Ron Paul: Well, what I would do is not bail out anybody through any congressional appropriation, which is a significant amount, but that’s not the big one. You have to reign in the Fed, you have to get Congress to pass something to say that the Fed can’t do this without congressional approval. They may hold bigger than the Congress when it comes to spending money, so this can’t be allowed. But that means we’d have to adopt a policy of allowing the debt to be liquidated. The people in Greece and the banks that are holding that debt would have to declare bankruptcy. It’s an ugly situation, but the choice is, letting the banks suffer the consequence, or putting all the penalty on the American people. So I would do my very best to stop that and prevent them from doing this. But, unfortunately, right now, there’s a strong sentiment in the establishment (Republicans and Democrats) of, “Oh no, you can’t let that happen. If we don’t, we’re going to have a depression”. But I don’t worry about a double dip, I worry about a continuation of the deterioration of this whole system. Although the numbers say that we’re not technically in a recession, but how about the people who are still unemployed? I mean, it’s very depressing for them, because they’re not getting the jobs. So it’s not a very good situation.
Paul Westcott: No. It seems extraordinarily dangerous at this point. I want to get into a little bit of a local issue here, Congressman. It’s a state wide issue, but it also has some national implications, and that’s the right to work. In the state of New Hampshire, there was a veto override vote yesterday in order to allow non-union members working in union shops to basically be exempt from paying dues. The governor said, “No, you have to pay dues, you have to make sure that you pay into the system”, and that’s pretty much what the legislation [said], the veto was not overwritten. What do you think about Right to Work in general in the states, and would it be good for the state of New Hampshire to become the first North-Eastern state to be a Right to Work state?
Ron Paul: Oh, obviously so. I mean, if you believe in a free society and free markets, people should be able to do things voluntarily. So nobody should be coerced into a contract. This is an issue of contract. But here we’re saying we have to give special privileges to collective bargaining and put more pressure on the business man. So business people can’t force people to work for them, but they shouldn’t be forced to hire people, either. But there should never be a prohibition against organizing and collective bargaining. People should be able to get together and talk and try to get their best interest served, but that doesn’t mean they can get the clout of the law. And when they force people to pay dues, and they’re forced into these contracts, this is a major source of unemployment. And if you look at the states that have been more extreme, in the industrial states, in the mid-west, that’s where all the jobs have gone and they’ve been put out of business and it pushes so many jobs overseas. So it pushes labor costs higher than they should be, and it’s great when they’re getting the money, but what good is higher labor costs if you don’t have a job? So it’s temporarily beneficial, and they think it’s salvation and they’re sticking it to the business man, but when you have a contraction, you have a correction. Profits have to go down, salaries have to go down, and labor costs have to go down, they have to adjust. But artificially keeping them high is exactly what they did in the depression and that’s why the depression lasted so long.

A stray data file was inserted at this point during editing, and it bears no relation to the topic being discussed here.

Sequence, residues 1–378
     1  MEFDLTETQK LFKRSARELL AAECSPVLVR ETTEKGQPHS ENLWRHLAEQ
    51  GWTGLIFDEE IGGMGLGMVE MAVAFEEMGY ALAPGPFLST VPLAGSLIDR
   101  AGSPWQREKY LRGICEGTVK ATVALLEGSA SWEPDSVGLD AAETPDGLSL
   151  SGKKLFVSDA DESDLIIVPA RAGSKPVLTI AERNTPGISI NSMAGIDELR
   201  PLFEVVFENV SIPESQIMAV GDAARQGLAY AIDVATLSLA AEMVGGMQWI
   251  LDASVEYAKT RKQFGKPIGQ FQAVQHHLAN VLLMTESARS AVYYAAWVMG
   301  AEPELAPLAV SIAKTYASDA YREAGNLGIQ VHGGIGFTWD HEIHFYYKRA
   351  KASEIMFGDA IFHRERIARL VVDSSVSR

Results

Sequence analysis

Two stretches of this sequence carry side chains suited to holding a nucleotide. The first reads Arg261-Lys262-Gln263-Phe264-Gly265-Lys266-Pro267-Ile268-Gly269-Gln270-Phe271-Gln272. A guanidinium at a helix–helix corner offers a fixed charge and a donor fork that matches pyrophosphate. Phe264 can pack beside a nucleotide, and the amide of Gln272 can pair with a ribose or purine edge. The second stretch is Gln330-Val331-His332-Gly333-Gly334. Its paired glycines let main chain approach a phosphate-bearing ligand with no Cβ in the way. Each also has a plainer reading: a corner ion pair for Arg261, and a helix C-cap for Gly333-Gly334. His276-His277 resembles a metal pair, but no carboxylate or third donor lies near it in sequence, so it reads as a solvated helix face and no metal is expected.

Paul Westcott: And, Congressman, one last question. I want to ask you about something that is working its way through the Congress right now, and that’s this payroll tax cut the President continues to talk about. Now, he’s gone out on the campaign trail and pretended to be a guy who’s in favor of cutting taxes, which I find astonishing. But he’s out there on his campaign stops now, talking about this, and he’s making it seem as if the GOP would be against this payroll tax cut. And if that’s true, can you tell us why?
Ron Paul: Well, you know, there’s a lot of demagogueing going on with that, because some Republicans weren’t in favor of them, some of them are. I’m for any tax cut you can get. Then they come up with this idea of what you got pay for. Well, in theory, you don’t have to pay for a tax cuts, it’s your money, you should be able to keep it anyway you can. But if they did, why don’t they cut some money from some useless foreign aid program or some place like that; that’s where I would cut the money from so that you don’t put the tax back on. But I think both sides are demagogueing this issue and the President thinks he’s going to embarrass the Republicans by arguing the case for lower taxes. But it is an uncomfortable position for a Republican to argue, “No, we need to put that tax back on” and at the same time, they don’t want to put the tax back on the Bush taxes, you know, the exemptions that Bush gave.
Paul Westcott: Congressman Ron Paul, we appreciate the time. Doctor and presidential candidate as well, you have a whole bunch of titles there, sir, thank you so much.
Ron Paul: Thank you.